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Belcher, George Frederick (1823–1909)

by P. L. Brown

This article was published in Australian Dictionary of Biography, Volume 3, (MUP), 1969

George Frederick Belcher (1823-1909), by unknown engraver, 1892

George Frederick Belcher (1823-1909), by unknown engraver, 1892

La Trobe Picture Collection, State Library of Victoria, IAN01/09/92/18 [detail]

George Frederick Belcher (1823-1909), pioneer, was born on 10 January 1823 at 5 Old Dominick Street, Dublin, the sixth son of Joseph William Belcher (1784-1865), an Irish solicitor of English descent, and his equally Protestant wife, Elizabeth Austin (d.1861), of Waterfall, County Cork. He attended Bective House, a local school, and on 20 February 1839 reached Melbourne via Launceston in the barque Louisa Campbell, with his elder sister Anna, following two of their brothers and her husband, Charles Williams, auctioneer. Belcher soon passed through Geelong to visit Nentingbull, the station of J. J. B. Smythe, a returning fellow-passenger, and apparently early in 1840 he accompanied Arthur Boursiquot to his run near Mount Rouse, and thence to Port Fairy. But, beginning as managing agent for Smythe's small rented properties, and living first with his Williams relations, he made Melbourne his headquarters until after the arrival of his parents, his eldest sister Elizabeth, who a year later married William, brother of Edward, George and Alfred Langhorne, four younger sisters, and another brother, in March 1842.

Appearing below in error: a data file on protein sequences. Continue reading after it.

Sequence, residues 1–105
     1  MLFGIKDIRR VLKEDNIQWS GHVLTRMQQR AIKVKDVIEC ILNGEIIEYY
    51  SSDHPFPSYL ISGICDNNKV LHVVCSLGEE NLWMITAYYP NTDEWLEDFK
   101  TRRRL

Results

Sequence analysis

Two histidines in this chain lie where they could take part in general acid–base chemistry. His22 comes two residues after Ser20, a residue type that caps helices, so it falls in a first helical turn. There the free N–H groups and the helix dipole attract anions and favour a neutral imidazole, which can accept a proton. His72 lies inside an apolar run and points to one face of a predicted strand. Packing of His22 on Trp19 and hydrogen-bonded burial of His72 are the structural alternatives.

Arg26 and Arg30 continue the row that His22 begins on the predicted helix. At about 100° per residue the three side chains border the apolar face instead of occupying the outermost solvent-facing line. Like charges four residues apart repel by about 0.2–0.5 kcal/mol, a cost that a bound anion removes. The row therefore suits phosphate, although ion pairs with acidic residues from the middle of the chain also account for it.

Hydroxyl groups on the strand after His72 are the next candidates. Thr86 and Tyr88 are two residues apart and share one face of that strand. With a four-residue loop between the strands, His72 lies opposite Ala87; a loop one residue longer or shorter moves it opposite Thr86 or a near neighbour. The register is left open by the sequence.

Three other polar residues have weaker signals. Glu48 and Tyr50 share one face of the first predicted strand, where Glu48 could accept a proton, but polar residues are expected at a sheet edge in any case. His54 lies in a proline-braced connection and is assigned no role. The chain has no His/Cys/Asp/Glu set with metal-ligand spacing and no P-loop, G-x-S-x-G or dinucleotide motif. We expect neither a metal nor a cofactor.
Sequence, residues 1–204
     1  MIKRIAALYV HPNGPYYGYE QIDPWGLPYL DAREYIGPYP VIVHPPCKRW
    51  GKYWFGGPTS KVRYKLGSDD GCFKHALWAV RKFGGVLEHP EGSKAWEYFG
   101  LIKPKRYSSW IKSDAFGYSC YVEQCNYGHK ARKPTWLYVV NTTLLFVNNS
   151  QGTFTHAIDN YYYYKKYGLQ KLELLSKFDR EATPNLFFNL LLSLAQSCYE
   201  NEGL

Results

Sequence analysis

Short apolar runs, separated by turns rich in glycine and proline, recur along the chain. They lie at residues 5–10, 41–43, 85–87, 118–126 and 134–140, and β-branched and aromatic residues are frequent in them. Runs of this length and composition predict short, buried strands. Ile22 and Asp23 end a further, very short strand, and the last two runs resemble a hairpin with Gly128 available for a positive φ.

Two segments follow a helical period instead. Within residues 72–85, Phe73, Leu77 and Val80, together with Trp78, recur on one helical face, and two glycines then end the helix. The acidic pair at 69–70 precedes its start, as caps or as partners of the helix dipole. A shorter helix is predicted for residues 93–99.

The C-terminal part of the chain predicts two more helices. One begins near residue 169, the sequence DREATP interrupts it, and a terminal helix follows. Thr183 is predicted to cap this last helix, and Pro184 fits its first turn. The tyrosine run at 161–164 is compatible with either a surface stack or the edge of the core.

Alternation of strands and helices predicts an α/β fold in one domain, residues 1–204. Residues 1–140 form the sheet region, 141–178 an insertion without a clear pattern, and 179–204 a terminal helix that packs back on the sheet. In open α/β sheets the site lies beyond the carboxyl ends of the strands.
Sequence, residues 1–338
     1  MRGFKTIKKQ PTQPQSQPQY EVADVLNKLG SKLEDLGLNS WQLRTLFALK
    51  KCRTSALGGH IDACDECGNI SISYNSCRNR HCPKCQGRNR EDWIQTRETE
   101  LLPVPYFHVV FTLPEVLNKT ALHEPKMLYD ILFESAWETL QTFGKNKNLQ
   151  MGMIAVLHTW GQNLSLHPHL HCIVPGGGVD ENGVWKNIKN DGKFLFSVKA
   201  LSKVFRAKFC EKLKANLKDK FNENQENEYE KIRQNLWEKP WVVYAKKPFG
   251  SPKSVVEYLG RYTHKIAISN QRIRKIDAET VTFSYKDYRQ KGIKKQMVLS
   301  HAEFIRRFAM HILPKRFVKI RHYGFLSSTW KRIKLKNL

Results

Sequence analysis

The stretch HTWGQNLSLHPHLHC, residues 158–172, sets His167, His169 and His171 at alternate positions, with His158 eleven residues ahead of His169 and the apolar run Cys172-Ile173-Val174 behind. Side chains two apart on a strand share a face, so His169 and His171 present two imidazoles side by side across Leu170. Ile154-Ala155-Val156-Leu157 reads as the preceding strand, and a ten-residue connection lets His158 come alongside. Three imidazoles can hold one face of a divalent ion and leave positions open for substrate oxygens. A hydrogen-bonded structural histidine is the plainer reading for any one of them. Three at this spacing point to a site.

Although for a time Belcher worked with his father, who was soon admitted to practice, in 1844 he joined a party under Robert Haverfield which drove 500 head of cattle from Alfred Langhorne's Dandenong station to Adelaide, in time for their dray to carry the boat when Charles Sturt's last expedition set out on 10 August. Belcher then stayed with his maternal cousin, (Sir) Robert Torrens. His sisters were married to brothers of Frederick von Stieglitz: Sophia to Charles in 1844 and Marcella to Robert in 1845; in December 1844 Belcher rode north-west from Robert's Ballan station to find new country for its increasing flocks. The result was the discovery and naming of Nhill, and Belcher's occupation of the 'Coonangamamool' or Lake Hindmarsh holding, near Jeparit.

Whether we lay in cave or shed
Our sleep fell soft on the hardest bed.
Fresh we woke upon the morrow;
We had health and we had hope
All our thoughts and words had scope.
Toil and travel, but no sorrow,
Those hardy days flew cheerily
And when they now fall drearily,
My thoughts, like swallows, skim the main
And bear my spirit back again,